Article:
Exxon Earns $11.7 Billion, But Stock Slumps
Exxon Mobil broke its own record for the highest-ever quarterly profit by a U.S. company again Thursday, but earnings still disappointed investors due to weaker-than-expected production.
Net income in the quarter rose to $11.68 billion, or $2.22 a share, on soaring oil prices.
That compares with $10.26 billion, or $1.83 a share, last year.
Exxon -- the world's largest publicly traded company -- previously set the high-water mark for quarterly earnings in the fourth quarter of last year, when it brought in $11.66 billion.
Revenue in the quarter rose about 40 percent to $138.07 billion.
Still, shares dropped around 3 percent as Exxon's results lagged behind analyst expectations.
The company posted operating earnings of $2.27 a share in the quarter, which exclude a $290 million charge related to the recent Supreme Court ruling in the Exxon Valdez case.
Analysts, on average, had expected the company to earn $2.53 a share, according to Reuters Estimates.
"Exxon was hurt this quarter by sharp declines in production in most regions. The comparison versus the second quarter last year for crude oil and liquids was down in every region around the globe," said Gene Pisasale, who helps manage about $13 billion at PNC Capital Advisors.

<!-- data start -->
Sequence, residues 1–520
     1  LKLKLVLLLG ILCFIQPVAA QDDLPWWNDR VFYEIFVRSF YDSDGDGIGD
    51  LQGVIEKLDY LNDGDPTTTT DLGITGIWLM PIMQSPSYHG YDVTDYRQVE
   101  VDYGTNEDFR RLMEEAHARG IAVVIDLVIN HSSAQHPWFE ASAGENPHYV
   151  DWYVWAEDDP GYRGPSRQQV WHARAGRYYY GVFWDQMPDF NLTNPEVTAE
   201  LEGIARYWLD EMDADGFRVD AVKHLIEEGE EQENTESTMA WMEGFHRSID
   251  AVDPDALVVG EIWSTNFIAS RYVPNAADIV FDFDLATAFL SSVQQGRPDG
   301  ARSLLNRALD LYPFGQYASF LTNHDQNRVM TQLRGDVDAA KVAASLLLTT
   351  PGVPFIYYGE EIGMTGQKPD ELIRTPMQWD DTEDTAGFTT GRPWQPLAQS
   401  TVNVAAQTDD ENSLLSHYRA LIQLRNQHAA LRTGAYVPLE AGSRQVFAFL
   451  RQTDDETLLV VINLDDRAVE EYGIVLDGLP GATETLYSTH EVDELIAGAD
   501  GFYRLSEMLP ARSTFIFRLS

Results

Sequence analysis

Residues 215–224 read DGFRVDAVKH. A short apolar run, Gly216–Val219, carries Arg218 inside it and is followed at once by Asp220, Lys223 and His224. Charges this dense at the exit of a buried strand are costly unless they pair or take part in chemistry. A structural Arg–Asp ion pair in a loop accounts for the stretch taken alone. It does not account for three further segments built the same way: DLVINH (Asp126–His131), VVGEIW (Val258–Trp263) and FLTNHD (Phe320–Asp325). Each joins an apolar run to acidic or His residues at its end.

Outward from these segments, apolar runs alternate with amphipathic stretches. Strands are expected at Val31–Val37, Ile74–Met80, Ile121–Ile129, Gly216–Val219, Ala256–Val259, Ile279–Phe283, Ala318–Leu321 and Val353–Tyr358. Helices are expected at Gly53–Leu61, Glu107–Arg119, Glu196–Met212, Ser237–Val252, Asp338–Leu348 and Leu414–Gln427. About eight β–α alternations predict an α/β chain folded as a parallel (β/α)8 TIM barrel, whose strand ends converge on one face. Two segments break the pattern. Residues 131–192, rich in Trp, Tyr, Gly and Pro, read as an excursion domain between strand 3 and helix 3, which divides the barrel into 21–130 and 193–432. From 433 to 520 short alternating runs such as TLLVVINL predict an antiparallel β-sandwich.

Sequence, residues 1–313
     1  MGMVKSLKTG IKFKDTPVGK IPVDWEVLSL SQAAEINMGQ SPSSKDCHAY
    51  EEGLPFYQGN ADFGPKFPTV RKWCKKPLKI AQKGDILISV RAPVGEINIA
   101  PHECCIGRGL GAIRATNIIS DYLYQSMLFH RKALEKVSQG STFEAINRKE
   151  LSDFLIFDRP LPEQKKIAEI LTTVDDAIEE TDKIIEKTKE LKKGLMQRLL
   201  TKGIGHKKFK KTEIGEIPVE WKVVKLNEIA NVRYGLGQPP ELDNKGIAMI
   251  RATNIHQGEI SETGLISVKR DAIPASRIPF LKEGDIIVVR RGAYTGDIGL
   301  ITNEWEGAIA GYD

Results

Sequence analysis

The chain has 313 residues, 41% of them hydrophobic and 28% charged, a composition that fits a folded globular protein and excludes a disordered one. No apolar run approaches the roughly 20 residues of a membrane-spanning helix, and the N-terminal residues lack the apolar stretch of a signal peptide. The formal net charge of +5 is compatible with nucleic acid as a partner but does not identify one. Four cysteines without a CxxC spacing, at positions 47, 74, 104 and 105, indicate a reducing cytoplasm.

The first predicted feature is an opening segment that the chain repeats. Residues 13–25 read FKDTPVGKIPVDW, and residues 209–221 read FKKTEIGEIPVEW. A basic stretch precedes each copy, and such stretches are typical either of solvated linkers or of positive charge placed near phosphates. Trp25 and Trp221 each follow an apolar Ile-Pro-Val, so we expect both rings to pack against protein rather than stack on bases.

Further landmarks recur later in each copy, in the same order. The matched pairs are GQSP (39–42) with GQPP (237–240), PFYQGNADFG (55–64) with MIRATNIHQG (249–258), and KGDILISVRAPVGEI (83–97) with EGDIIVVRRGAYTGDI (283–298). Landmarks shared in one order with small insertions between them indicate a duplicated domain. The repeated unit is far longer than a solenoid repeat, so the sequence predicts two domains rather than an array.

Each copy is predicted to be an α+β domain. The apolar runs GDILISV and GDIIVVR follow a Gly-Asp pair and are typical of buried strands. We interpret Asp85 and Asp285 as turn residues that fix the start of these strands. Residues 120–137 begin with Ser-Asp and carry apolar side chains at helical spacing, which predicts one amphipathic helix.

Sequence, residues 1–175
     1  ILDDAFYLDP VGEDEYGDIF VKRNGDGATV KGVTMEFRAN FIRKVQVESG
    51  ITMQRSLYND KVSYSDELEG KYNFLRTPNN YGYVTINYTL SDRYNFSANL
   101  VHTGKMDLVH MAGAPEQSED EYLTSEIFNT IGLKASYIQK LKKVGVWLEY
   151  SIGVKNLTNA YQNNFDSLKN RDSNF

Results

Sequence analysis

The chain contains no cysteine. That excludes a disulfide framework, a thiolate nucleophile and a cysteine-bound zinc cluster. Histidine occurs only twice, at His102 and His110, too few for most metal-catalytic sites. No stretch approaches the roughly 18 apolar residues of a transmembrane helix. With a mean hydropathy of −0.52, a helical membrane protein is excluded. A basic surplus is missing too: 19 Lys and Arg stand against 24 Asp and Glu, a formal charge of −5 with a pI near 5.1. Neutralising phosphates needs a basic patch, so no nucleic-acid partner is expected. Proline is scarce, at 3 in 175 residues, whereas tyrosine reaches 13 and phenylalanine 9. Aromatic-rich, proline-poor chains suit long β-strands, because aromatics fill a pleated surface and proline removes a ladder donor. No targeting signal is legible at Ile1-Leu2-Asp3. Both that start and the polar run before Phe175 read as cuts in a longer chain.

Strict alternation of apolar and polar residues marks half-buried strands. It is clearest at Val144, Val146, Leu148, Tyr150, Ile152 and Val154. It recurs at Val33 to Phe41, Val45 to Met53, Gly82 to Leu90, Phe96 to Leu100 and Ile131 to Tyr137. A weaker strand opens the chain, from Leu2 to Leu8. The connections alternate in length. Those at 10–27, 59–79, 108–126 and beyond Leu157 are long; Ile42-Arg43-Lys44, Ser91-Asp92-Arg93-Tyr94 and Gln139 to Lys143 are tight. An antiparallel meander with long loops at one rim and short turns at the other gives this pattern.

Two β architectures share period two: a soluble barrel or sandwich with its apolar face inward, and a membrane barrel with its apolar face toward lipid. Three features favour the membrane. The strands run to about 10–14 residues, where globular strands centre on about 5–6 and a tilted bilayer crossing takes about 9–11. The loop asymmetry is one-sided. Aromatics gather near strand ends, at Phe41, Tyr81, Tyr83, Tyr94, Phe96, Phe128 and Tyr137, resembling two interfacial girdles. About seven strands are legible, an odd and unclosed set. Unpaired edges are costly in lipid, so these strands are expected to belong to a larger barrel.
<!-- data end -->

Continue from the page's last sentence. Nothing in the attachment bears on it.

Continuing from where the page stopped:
"They are spending $25 billion a year, and they are not even breaking even now in terms of production growth," he said.
The company's oil and gas production fell 8 percent from a year earlier, mostly due to the loss of assets taken over by Venezuela, a labor strike in Nigeria, and contracts that give host countries a larger share of production as oil prices rise.
Exxon both produces oil and refines it to make gasoline, and profit margins for gasoline were weak during the quarter, holding back earnings slightly.
U.S. oil prices averaged slightly less than $125 a barrel in the quarter, nearly double prices from a year earlier.
Gasoline prices only rose 25 percent during that same period, resulting in weak profit margins for the fuel.
The company said earnings from its exploration and production business rose about 68 percent to $10.01 billion. But its refining and marketing earnings fell about 54 percent to $1.56 billion.
Profit from the company's chemicals business dropped 32 percent to $687 million.
Exxon's record profits have made the company a target for politicians and environmentalists.
"The public is smart enough to know that (with) record high gas prices and record breaking profits, there's a connection there," Gene Karpinski of the League of Conservation Voters, said on a conference call with reporters on Wednesday.
"It's clear that one thing that should be done now is to break the stranglehold of big oil and cut their subsidies, install a windfall profits tax and invest much more of that money in clean air technologies and give a big significant chunk of that money back to consumers to offset the increased costs that they're paying."
Shares of Exxon Mobil fell $2.46 to $81.92 on the New York Stock Exchange Thursday.
Through Wednesday's close, they were down about 10 percent this year, underperforming the Chicago Board Options Exchange's oil index which has fallen about 5.2 percent over the same period.